Justice Dhananjaya Yashwant Chandrachud, who was part of the Supreme Court benches that delivered several landmark verdicts, including the Ayodhya land dispute case was sworn in as the 50th Chief Justice of India on Wednesday.
President Droupadi Murmu administered him the oath at a brief ceremony held at the Rashtrapati Bhavan here. He took the oath in English and in the name of God.
Justice Chandrachud took over as the CJI from Justice Uday Umesh Lalit, who demitted office on Tuesday, and will head India's Judiciary until November 10, 2024, a day before he completes 65 years.
Those present at the ceremony included Vice President and Rajya Sabha chairperson Jagdeep Dhankhar, Lok Sabha Speaker Om Birla, and Union ministers Rajnath Singh, Amit Shah and Kiren Rijiju.
His predecessor CJI Lalit was also present. On October 11, he had recommended to the Centre Justice Chandrachud's name as his successor.
On October 17, Justice Chandrachud was named the 50th CJI. He was elevated as a judge of the Supreme Court on May 13, 2016.
He is the son of the longest serving CJI Y V Chandrachud, who headed the Judiciary from February 22, 1978, to July 11, 1985.
Justice Chandrachud, who calls dissent the "safety valve of democracy", was part of several Constitution benches and landmark verdicts of the top court, including on matters relating to the Ayodhya land dispute and Right to Privacy.
He was also part of the benches that delivered path-breaking judgements on decriminalising same-sex relations after it partially struck down Section 377 of the Indian Penal Code, validity of the Aadhaar scheme and Sabarimala issue.
Recently, a bench headed by him expanded the scope of the Medical Termination of Pregnancy (MTP) Act and the corresponding rules to include unmarried women for abortion between 20-24 weeks of pregnancy.
A bench headed by him had also passed several directions to assuage people's miseries during the COVID-19 crisis, terming the brutal second wave of the pandemic last year a "national crisis".
Recently, Justice Chandrachud, as the senior-most judge after then CJI Lalit, was among the two judges of the apex court Collegium who had objected to the method of "circulation" adopted for eliciting views of its members on the appointment of judges to the top court.
On September 30, a bench headed by him sat till 9:10 pm, around five hours beyond the regular working hours of the apex court, to hear 75 cases to clear the board before the onset of the Dussehra vacation.
In a landmark verdict delivered in February 2020, a bench headed by him had directed that women officers in the Army be granted permanent commission and command postings, rejecting the Centre's stand of their physiological limitations as being based on "sex stereotypes" and "gender discrimination against women".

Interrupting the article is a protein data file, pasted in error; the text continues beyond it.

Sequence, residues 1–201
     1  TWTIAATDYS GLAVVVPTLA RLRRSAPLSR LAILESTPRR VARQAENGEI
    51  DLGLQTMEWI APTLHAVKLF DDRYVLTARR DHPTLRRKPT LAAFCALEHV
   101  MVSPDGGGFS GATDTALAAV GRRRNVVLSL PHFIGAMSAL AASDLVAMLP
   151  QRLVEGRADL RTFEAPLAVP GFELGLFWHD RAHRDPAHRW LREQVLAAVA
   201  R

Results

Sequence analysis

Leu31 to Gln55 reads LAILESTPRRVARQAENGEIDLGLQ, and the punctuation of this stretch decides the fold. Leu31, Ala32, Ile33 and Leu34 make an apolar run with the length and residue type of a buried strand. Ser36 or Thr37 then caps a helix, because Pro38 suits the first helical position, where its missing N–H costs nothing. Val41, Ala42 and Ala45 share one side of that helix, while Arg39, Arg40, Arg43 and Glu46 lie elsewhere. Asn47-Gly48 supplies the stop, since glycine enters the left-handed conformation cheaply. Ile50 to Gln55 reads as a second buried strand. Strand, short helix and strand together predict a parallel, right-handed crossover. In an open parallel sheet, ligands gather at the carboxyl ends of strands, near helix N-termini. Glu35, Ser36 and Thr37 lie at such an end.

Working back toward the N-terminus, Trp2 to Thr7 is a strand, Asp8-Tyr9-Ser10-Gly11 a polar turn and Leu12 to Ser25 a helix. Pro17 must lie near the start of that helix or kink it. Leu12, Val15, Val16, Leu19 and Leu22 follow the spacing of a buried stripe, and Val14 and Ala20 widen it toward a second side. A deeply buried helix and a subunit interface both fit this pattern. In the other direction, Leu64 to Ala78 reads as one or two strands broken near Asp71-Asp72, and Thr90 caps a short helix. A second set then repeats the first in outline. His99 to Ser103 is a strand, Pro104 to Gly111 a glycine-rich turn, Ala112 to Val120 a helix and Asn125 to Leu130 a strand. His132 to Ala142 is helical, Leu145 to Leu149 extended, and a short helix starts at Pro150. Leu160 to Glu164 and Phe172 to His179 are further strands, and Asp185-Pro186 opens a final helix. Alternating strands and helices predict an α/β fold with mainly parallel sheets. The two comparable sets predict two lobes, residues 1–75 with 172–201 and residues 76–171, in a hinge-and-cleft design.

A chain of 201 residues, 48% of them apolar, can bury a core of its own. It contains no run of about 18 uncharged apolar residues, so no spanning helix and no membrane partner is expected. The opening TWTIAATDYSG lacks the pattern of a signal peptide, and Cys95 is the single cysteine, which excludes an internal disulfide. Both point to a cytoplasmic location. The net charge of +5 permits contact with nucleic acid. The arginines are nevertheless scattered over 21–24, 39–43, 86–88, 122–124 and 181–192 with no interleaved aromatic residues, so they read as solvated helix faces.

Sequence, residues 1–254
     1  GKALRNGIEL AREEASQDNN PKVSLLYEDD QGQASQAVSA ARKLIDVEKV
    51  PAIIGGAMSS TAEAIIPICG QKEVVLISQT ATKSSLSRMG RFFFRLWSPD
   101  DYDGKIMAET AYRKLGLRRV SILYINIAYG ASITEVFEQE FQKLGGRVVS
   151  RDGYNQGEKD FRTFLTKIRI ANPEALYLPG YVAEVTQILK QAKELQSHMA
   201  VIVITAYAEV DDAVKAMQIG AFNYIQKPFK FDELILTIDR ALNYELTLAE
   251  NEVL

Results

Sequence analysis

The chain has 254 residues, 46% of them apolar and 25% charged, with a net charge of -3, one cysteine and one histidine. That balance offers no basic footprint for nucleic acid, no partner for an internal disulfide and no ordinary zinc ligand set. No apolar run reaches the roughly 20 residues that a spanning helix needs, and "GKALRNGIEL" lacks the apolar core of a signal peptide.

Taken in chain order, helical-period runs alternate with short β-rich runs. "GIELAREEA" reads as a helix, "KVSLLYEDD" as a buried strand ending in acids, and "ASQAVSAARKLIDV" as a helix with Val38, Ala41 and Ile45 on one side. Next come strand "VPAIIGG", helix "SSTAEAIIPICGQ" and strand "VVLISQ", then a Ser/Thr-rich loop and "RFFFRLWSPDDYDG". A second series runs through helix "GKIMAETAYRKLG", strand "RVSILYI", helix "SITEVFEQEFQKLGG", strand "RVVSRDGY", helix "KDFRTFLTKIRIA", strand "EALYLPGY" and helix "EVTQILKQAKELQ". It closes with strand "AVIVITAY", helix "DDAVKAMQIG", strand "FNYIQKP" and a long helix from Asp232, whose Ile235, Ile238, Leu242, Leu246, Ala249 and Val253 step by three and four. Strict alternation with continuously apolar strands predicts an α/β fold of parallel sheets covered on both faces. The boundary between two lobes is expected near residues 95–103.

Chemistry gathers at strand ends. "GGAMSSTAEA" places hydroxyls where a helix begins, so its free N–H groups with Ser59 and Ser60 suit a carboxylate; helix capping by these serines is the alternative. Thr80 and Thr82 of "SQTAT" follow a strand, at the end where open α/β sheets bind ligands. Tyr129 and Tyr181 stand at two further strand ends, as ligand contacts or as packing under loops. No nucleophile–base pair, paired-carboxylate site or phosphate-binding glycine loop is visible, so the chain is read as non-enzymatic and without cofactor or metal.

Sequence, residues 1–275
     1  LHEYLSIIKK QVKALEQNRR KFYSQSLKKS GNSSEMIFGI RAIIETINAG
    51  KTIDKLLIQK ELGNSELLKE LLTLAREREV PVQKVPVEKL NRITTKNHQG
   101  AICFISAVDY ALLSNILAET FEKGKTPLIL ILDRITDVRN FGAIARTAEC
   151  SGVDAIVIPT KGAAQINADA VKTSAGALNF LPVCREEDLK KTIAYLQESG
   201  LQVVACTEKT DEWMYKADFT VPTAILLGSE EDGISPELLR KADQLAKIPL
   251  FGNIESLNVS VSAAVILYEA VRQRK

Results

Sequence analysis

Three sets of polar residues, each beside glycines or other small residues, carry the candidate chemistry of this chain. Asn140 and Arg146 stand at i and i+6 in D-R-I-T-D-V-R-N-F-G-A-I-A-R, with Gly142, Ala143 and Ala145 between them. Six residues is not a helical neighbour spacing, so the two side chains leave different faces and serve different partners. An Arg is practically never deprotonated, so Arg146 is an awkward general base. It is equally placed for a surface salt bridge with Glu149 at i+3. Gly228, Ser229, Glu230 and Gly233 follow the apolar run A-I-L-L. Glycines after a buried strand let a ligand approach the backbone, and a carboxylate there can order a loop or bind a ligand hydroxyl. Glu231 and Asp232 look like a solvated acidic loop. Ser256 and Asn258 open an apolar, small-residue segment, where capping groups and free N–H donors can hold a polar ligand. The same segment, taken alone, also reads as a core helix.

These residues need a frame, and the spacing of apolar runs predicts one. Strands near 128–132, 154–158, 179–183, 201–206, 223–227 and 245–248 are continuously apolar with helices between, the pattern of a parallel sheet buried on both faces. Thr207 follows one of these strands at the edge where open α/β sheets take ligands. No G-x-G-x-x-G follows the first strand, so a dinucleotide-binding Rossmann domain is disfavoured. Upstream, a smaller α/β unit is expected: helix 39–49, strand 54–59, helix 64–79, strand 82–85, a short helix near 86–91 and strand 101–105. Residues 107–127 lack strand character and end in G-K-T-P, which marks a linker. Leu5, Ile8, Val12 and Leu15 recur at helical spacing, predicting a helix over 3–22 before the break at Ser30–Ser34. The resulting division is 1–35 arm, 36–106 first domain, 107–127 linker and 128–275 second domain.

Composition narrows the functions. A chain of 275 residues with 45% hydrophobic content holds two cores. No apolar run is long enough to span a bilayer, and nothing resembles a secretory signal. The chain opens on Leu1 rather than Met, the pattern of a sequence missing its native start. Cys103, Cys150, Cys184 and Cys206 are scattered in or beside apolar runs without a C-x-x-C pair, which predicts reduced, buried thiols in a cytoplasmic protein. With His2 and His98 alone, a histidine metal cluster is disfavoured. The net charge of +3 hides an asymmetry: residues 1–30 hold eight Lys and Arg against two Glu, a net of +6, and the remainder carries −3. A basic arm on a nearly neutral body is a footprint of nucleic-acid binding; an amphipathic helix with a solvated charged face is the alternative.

Later, the bench had also paved the way for granting permanent commission to women officers in Indian Navy, saying a level-playing field ensures that women have the opportunity to overcome "histories of discrimination".
Justice Chandrachud, who has played a pivotal role in digitisation of the judiciary, has been part of several Constitution benches.
On November 9, 2019, the apex court in a unanimous verdict cleared the way for the construction of a Ram Temple at the disputed site in Ayodhya and directed the Centre to allot a five-acre plot to the Sunni Waqf Board for building a mosque.
Justice Chandrachud was part of the five-judge Constitution bench which dealt with that case.
He had written the lead judgement for a nine-judge Constitution bench in the Justice K S Puttaswamy versus Union of India case in which it was unanimously held that Right to Privacy constituted a fundamental right.
He was also part of a five-judge Constitution bench that unanimously decriminalised part of the 158-year-old colonial law under IPC section 377 which criminalises consensual "unnatural" sex between consenting adults, saying it violated the rights to equality.
In another five-judge bench, Justice Chandrachud in a unanimous verdict held IPC section 497, which criminalised adultery, unconstitutional on the ground of being arbitrary, archaic and violative of the Right to Equality and Privacy.
In a strong dissent, Justice Chandrachud differed with other members of a five-judge Constitution bench which, by a majority verdict, upheld the constitutional validity of Aadhaar.
He held the unique biometric identity number to be unconstitutional and violative of fundamental rights.
He had concurred with the majority verdict in the Sabarimala case in holding that the practice of prohibiting women of menstruating age from entering the temple was discriminatory and violative of women's fundamental rights.
Justice Chandrachud was designated as a senior advocate by the Bombay High Court in June 1998 and became Additional Solicitor General in the same year till his appointment as a judge.
After completing BA Honours in Economics from St Stephen's College, New Delhi, Justice Chandrachud did his LLB from Campus Law Centre, Delhi University, and obtained LLM degree and a Doctorate in Juridical Sciences (SJD) from Harvard Law School, USA.
He practised law at the Supreme Court and the Bombay High Court and was a visiting professor of comparative Constitutional law at the University of Mumbai.